Employee discontent, disengagement and ultimately the final exit from a company do not occur overnight
Employee turnover is not a new phenomenon. Employees join an organization, quit and then move on to the next one. Managers readily accept turnover as a cost of doing business. Perhaps, they may not be entirely wrong; however it does make sense to figure out whether employees quit because they are disgusted with the entire company or is there more to it than meets the eye? According to a Saratoga Institute survey, 89 percent of managers say they believe that employees leave for more money. While this may be the managers’ perception, Saratoga’s research supports the many other surveys that categorically state that money is not driving employees to quit their present jobs. The manager’s perception is primarily due to the results of ‘exit interviews’ wherein the outgoing employees generally offer better pay package and opportunities as reasons for quitting the job. This is because the employees do not want to burn bridges with their existing managers (perhaps they need references or recommendations). What is all the more interesting is that very rarely do managers/leaders look in the mirror and face the real reason why their best and brightest employees choose to leave. The author duo, Marcus Buckingham and Curt Coffman in their book, First Break All the Rules: What the World’s Greatest Managers Do Differently, write that people don’t leave jobs, they leave managers. If employees don’t get along with their managers, don’t like or respect them, they will leave a company despite a high salary or great benefits. Leigh Branham, in his book, The 7 Hidden Reasons Employees Leave states that one of the top reasons employees cite when leaving a job is either disagreement with or disapproval of their immediate supervisor. Back home, a survey by industry body ASSOCHAM, ‘Employee-Boss Relationship’ October 2012, has some startling numbers. Around 62 percent of the respondents said that they have an abusive boss, who exhibits behaviour such as humiliating and insulting employees or isolating them from co-workers. This perhaps explains why nearly 69 percent of employees who quit their jobs complained about the indifferent attitude of their bosses or immediate supervisors.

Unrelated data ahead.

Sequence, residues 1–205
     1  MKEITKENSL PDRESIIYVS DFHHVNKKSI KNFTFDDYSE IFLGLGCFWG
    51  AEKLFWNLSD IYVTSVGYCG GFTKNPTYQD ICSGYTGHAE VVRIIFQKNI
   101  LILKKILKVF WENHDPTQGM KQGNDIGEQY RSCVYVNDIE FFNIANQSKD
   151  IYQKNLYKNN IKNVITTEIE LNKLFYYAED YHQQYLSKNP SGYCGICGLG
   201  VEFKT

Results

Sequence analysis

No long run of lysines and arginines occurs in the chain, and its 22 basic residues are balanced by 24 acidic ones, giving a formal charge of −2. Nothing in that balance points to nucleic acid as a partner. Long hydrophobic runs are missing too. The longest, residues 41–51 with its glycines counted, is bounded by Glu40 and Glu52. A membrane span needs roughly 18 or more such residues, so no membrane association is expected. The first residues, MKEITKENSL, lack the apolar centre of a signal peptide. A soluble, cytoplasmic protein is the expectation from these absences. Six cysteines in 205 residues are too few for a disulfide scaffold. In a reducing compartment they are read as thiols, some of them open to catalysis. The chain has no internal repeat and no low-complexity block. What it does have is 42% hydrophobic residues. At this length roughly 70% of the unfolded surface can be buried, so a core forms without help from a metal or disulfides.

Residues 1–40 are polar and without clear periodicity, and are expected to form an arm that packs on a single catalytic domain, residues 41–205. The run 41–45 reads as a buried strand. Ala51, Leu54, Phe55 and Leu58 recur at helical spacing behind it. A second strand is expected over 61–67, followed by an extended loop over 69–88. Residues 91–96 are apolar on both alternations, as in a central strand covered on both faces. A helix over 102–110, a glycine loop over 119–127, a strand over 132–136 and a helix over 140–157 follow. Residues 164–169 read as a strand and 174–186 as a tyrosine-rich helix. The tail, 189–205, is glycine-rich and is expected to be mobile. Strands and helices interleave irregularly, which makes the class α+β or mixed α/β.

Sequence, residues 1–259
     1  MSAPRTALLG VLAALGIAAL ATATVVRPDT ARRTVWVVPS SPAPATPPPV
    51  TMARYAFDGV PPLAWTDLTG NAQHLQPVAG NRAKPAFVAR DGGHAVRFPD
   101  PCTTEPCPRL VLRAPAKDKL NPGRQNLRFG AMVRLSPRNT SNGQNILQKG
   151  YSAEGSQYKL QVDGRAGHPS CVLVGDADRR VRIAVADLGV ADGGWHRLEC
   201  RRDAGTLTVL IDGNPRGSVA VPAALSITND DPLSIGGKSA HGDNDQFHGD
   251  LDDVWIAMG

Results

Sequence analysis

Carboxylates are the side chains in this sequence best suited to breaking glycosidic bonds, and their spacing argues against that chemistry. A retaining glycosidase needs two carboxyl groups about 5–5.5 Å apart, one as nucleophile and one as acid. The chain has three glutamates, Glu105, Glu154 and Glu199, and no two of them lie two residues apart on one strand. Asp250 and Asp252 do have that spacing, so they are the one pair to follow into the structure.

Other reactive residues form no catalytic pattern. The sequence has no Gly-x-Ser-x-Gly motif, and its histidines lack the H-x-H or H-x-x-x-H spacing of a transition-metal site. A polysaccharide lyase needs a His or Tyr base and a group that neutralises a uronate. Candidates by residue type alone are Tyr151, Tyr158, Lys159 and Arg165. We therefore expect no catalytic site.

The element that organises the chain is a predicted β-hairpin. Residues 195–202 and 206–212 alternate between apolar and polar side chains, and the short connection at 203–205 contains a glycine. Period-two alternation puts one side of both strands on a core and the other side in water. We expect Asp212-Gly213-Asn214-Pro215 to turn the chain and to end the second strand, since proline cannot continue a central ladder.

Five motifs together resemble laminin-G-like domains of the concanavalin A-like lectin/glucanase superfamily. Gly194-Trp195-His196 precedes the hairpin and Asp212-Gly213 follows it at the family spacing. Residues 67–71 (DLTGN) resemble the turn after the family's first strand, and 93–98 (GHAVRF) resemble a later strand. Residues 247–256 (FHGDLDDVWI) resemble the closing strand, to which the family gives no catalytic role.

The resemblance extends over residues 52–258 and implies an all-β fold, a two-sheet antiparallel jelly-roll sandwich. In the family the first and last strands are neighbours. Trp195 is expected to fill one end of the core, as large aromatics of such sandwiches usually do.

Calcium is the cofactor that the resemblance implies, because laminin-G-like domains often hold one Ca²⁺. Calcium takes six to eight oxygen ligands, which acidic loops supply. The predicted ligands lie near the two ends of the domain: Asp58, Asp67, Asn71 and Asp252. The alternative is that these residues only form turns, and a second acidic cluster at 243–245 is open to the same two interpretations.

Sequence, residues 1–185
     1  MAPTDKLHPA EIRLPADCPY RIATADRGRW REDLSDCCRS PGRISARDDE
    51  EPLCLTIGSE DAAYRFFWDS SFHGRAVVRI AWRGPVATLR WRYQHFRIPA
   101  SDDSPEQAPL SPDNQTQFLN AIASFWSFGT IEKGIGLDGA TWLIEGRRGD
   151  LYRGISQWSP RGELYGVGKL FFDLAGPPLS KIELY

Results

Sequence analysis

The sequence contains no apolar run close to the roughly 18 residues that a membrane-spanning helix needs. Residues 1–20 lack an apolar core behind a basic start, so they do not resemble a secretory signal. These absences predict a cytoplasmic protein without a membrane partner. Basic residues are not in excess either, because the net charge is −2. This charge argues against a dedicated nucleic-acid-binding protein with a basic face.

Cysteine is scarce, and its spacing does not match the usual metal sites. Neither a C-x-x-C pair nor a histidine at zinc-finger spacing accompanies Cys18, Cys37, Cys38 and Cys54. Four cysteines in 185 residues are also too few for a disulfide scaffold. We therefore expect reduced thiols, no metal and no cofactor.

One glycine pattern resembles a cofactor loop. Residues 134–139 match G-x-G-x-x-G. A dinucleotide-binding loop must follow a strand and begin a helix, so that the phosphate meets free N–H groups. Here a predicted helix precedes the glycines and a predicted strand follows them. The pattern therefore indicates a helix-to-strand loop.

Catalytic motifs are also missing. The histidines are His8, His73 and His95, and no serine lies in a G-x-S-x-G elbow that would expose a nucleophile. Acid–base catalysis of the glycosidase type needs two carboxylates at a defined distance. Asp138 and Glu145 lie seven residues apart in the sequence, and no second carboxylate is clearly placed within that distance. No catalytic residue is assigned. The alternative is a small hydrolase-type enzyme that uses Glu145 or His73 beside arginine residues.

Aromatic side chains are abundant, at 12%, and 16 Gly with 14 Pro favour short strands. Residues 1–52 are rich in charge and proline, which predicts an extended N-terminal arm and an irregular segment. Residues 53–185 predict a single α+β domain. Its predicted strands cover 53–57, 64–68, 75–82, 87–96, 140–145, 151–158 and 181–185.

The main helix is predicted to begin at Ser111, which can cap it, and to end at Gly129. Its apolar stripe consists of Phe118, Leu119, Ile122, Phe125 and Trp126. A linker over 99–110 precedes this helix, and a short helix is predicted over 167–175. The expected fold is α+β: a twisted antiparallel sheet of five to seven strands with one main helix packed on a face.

Employee discontent, disengagement and ultimately the final exit from a company do not occur overnight. It takes weeks/months and in a few cases maybe even years. Therefore it does make sense for leaders/bosses to look beyond the obvious and get rid of what psychologists refer to as ‘motivated blindness’. They need to accept that one of the critical reasons why employees quit may be linked to their own behavior. DDI’s, ‘Lessons for Leaders from the People Who Matter’ a trend research on how employees around the world view their leaders, offers valuable insight and learning for supervisors and people managers. The report states that one in three respondents (34 percent) don’t consider their managers to be effective at their job; 37 percent said that their leaders are able to motivate them only sometimes or never; 35 percent respondents stated that their leaders would sometimes or never, listen to their work related concerns. Only 56 percent of employees reported that their current leaders help them be more productive. Add to this, as per the report 39 percent surveyed said that they left a job primarily because of their leader while 55 percent said they have considered leaving their job because of their leader. These, of course, stand contrary to what leaders feel about themselves: a 2010 frontline study, “Finding the First Rung” by DDI, reveals that a vast majority, 87 percent, of leaders rated their own leadership skills as good or excellent. Leadership effectiveness is ultimately determined by those who are led; the discontent between what the leaders and the those who are led feel is reflective of where the problem lies and what corrective measures can be initiated.
There is no doubt that bosses / immediate supervisors who don’t create the right opportunities for their employees, communicate with them, or appreciate them often, find themselves dealing with a high turnover rate. So what are the qualities of a good manager which may help them retain their employees? The ASSOCHAM survey offers a few pointers: approachable (83 percent), a good communicator (82 percent), supportive (81 percent), a good leader (80 percent) and someone who respects their staff as individuals (76 percent).
Lessons for bosses/immediate supervisors, who want to retain their people: you should neither be intimidating nor aloof, be able to hold confidences and you shouldn’t break the ‘psychological contract’. A good manager inspires loyalty, so if supervisors reevaluate their behavior, employees can then perhaps reconsider their decision to quit!